By bringing members to Iowa, public-sector unions saved Clinton from a loss.
It is well known that, without unions, there would be no Democratic Party to speak of.
It is also well known that, without union ground support and the billions spent on politics in direct and indirect contributions, most Democrats—including Barack Obama—would never be elected to public office.
No one know this better than Hillary Clinton and her advisors, which explains her flip flops on issues like trade (TPP) and immigration.
Yet, in a “Right-to-Work” state like Iowa—with only 9.6 percent of its workforce unionized—how did Clinton pull off a win over her rival Bernie Sanders and his enthusiastic youth brigade in Monday night’s caucuses?
Very simple. Despite Sanders’ own backing from rank-and-file union members, Clinton relied on the big purse strings and political muscle from the “Big Four” government unions who have already endorsed her, according to The American Prospect.
The linchpins of Clinton’s labor support are the nation’s four giant public employee unions: the American Federation of State, County and Municipal Employees (AFSCME); the American Federation of Teachers (AFT); the National Education Association (NEA); and the Service Employees International Union (SEIU). (No more than half of SEIU’s roughly two million members work in the public sector, however.)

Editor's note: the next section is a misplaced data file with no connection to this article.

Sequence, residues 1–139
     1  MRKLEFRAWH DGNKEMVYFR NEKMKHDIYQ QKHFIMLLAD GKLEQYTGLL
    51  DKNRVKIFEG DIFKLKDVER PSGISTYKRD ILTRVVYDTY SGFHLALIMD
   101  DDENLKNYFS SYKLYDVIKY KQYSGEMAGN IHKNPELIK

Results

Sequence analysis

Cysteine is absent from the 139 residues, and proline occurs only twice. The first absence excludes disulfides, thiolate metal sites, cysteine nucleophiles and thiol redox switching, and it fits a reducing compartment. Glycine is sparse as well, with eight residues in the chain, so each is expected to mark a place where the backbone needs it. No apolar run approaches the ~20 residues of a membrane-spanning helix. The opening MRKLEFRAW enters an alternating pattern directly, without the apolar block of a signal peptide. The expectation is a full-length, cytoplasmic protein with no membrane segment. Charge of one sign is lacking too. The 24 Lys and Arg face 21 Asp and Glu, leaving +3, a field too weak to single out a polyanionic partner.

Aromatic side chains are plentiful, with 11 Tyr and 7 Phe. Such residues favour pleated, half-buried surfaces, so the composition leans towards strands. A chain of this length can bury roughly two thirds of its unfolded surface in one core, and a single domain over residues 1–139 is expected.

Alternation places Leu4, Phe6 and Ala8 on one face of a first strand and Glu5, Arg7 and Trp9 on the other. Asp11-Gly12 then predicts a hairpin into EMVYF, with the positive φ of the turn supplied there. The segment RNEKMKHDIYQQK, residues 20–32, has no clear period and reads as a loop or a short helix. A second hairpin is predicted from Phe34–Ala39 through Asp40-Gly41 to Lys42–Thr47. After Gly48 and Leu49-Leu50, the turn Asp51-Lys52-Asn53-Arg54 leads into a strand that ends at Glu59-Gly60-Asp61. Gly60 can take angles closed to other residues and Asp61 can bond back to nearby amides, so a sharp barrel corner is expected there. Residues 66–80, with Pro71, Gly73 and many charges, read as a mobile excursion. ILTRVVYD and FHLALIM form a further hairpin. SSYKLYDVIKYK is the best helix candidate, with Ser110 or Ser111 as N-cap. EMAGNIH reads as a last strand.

These “Big Four” alone represent more than 7.5 million union members—roughly, half the nation’s union members. While the AFL-CIO, labor’s omnibus federation, has not yet endorsed a candidate (a few of its largest unions, such as the Steelworkers, remain holdouts), the Big Four have been known to coordinate their election work without the AFL-CIO’s assistance—a necessity, in this case, since the NEA and SEIU are not AFL-CIO members. This year, on Clinton’s behalf, they are pooling their vast member ranks and substantial political coffers to animate a coordinated offensive in Iowa and beyond.
On the Sunday before caucus day, the Machinists Hall in Cedar Rapids was filling up with union members, quickly turning into a sea of green (AFSCME), blue (teachers unions), and purple (SEIU). It was canvass launch day for the Big Four unions and in coordination with the Clinton campaign, volunteers were planning on hitting more than 11,000 homes in the area.
Since its endorsement for Clinton in November, SEIU has steadily been building a legion of member-volunteers in Iowa to canvass and phone bank. By the weekend before the caucus, the union had more than 100 members in from surrounding areas—nurses from Minnesota, home care workers from Detroit, Fight for 15 activists from Memphis, and even a Headstart teacher from West Virginia. [Emphasis added]
Aside from the fact that Clinton’s tight victory be attributed to six very lucky coin tosses, it would appear that, were it not for the “Big Four” unions, Sanders’ supporters would have been awakened Tuesday morning victorious.
- First Read: Why Clinton’s Trade Flip-Flop Is So Unbelievable
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